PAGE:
CASE NO. 5:11-CV-00088-RLV-DSC
MEMORANDUM AND ORDER
THIS MATTER is before the Court on the parties' cross-motions for summary judgment. (Docs. 8, 12.)
Pursuant to 28 U.S.C. § 636(b)(1)(B) and the standing order of designation, the Court referred the aforesaid motions to United States Magistrate Judge David S. Cayer for recommended disposition. In an opinion filed on March 19, 2012, the Magistrate Judge recommended that Plaintiff's Motion for Summary Judgment be granted, that Defendant's Motion for Summary Judgment be denied, that the Commissioner's decision be reversed, and that this matter be remanded for further proceedings consistent with the Memorandum and Recommendation ("M & R"). (Doc. 14.) On March 22, 2012, Defendant filed its Objection to the M & R. (Doc. 15.) The objection raised by Defendant is deemed timely and is considered herein.
Neither party has objected to the Magistrate Judge's statement of the factual and procedural history of this case; thus, the Court adopts the facts as set forth in the M & R. (Doc. 15 at 1-3.)
II. STANDARD OF REVIEW
The Federal Magistrate Act provides that a district court shall make a de novo determination of those portions of a magistrate judge's report or specific proposed findings or recommendations to which objection is made. 28 U.S.C. § 636(b)(1)(2009); Camby v. Davis, 718 F.2d 198, 199-200 (4th Cir. 1983). The Court's review of the Commissioner's final decision is limited to the following two issues: whether substantial evidence supports the Commissioner's decision and whether the Commissioner applied the correct legal standards. See 42 U.S.C. § 405(g) (2010); Hays v. Sullivan, 907 F.2d 1453, 1456 (4th Cir. 1990). So long as a reasonable mind might accept as adequate the evidence in support of the Commissioner's decision, the Court should not reweigh the evidence or substitute its judgment for that of the Commissioner. Hays, 907 F.2d at 1456 (4th Cir. 1990); Smith v. Heckler, 782 F.2d 1176, 1179 (4th Cir. 1986) (citing Richardson v. Perales, 402 U.S. 389, 401 (1971)).
The question before the Administrative Law Judge (ALJ) was whether Plaintiff became "disabled," as that term of art is defined for Social Security purposes, prior to her last date insured. Applying the Social Security Administration's five-step, sequential evaluation process, the ALJ determined at steps one and two that Plaintiff had not engaged in substantial gainful activity since the date of her employment and suffered a number of severe impairments. However, the ALJ further determined that such impairments did not meet or equal any listing in 20 C.F.R. pt. 404, subpt. P, app. 1; that, notwithstanding her impairments, Plaintiff had the residual functional capacity ("RFC") to perform "light" work, as defined in 20 C.F.R. § 404.1567(b), but with some limitations regarding exposure to respiratory irritants; that Plaintiff had no past relevant work as she has "only worked jobs in the remote past for short periods of time"; and at step five that Plaintiff is "capable of making a successful adjustment to other work that exists in significant numbers in the national economy" in light of "the testimony of the vocational expert" and "the claimant's age, education, work experience, and [RFC]," rendering a finding of "not disabled" appropriate. (Tr. 349.)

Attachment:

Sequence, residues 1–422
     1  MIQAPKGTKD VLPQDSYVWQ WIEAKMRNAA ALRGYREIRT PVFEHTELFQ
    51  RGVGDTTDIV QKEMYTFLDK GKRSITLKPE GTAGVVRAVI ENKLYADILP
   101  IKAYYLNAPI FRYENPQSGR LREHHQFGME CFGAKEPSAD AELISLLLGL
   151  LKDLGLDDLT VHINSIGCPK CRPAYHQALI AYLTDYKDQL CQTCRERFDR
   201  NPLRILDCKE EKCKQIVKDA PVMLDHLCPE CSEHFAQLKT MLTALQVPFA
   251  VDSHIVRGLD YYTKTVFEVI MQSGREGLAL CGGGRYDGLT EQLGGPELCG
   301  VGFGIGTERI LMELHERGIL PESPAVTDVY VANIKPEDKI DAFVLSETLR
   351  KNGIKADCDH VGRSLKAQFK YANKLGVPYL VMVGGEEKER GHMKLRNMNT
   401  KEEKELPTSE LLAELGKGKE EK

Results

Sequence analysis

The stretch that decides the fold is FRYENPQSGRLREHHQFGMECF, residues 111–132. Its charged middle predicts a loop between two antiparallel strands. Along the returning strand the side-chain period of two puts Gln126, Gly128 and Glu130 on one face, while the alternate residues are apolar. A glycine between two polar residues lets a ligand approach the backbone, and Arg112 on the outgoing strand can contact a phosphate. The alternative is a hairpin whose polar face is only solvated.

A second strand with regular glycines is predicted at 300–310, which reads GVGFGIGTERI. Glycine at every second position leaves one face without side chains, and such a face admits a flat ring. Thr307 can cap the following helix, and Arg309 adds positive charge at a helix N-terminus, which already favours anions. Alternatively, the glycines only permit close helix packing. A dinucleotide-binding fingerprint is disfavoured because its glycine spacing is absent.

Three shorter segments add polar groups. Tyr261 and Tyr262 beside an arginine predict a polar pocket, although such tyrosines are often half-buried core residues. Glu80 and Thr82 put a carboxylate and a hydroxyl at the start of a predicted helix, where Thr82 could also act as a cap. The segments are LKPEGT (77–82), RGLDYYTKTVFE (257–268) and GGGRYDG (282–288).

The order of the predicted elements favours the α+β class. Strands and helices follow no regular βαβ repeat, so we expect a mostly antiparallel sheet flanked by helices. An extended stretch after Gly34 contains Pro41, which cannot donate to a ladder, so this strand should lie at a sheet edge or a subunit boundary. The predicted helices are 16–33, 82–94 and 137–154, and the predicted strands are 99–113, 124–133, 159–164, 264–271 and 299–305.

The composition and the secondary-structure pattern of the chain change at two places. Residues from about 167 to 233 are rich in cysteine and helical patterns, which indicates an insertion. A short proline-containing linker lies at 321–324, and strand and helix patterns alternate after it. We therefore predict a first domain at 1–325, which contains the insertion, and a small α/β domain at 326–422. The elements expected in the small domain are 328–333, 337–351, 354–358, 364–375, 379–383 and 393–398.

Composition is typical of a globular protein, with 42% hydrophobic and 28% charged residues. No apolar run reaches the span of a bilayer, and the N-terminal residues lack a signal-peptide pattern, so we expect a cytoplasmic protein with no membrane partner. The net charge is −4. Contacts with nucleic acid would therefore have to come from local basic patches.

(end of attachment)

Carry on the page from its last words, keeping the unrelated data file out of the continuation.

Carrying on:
Under the Social Security Act, 42 U.S.C. § 301, et seq., the term "disability" as an inability to engage in any substantial gainful activity by reason of any medically
determinable physical or mental impairment which can be expected to result in death or which has lasted or can be expected to last for a continuous period of not less than 12 months . . . .
In making this final determination, the ALJ did not question the Vocational Expert ("YE") about Plaintiff's ability to perform work, instead briefly inquiring only about Plaintiff's past relevant work. (Tr. 489-90) (verifying that Plaintiff has no past relevant work). Plaintiff here argues that substantial evidence does not support the ALJ's decision because the ALJ did not elicit testimony from the VE regarding the work available in the national economy, as was stated in that decision. As noted by the Magistrate Judge, Defendant here invites the Court to speculate that the ALJ would have determined that the Medical-Vocational Guidelines directed a finding of "not disabled" even absent any VE testimony.